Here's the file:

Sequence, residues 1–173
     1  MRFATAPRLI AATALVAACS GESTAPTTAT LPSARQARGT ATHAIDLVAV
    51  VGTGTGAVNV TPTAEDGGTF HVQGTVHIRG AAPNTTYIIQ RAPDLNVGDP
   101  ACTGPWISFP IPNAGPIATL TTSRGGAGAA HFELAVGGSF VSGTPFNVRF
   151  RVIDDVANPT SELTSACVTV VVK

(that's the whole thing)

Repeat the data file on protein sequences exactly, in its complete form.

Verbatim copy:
Sequence, residues 1–173
     1  MRFATAPRLI AATALVAACS GESTAPTTAT LPSARQARGT ATHAIDLVAV
    51  VGTGTGAVNV TPTAEDGGTF HVQGTVHIRG AAPNTTYIIQ RAPDLNVGDP
   101  ACTGPWISFP IPNAGPIATL TTSRGGAGAA HFELAVGGSF VSGTPFNVRF
   151  RVIDDVANPT SELTSACVTV VVK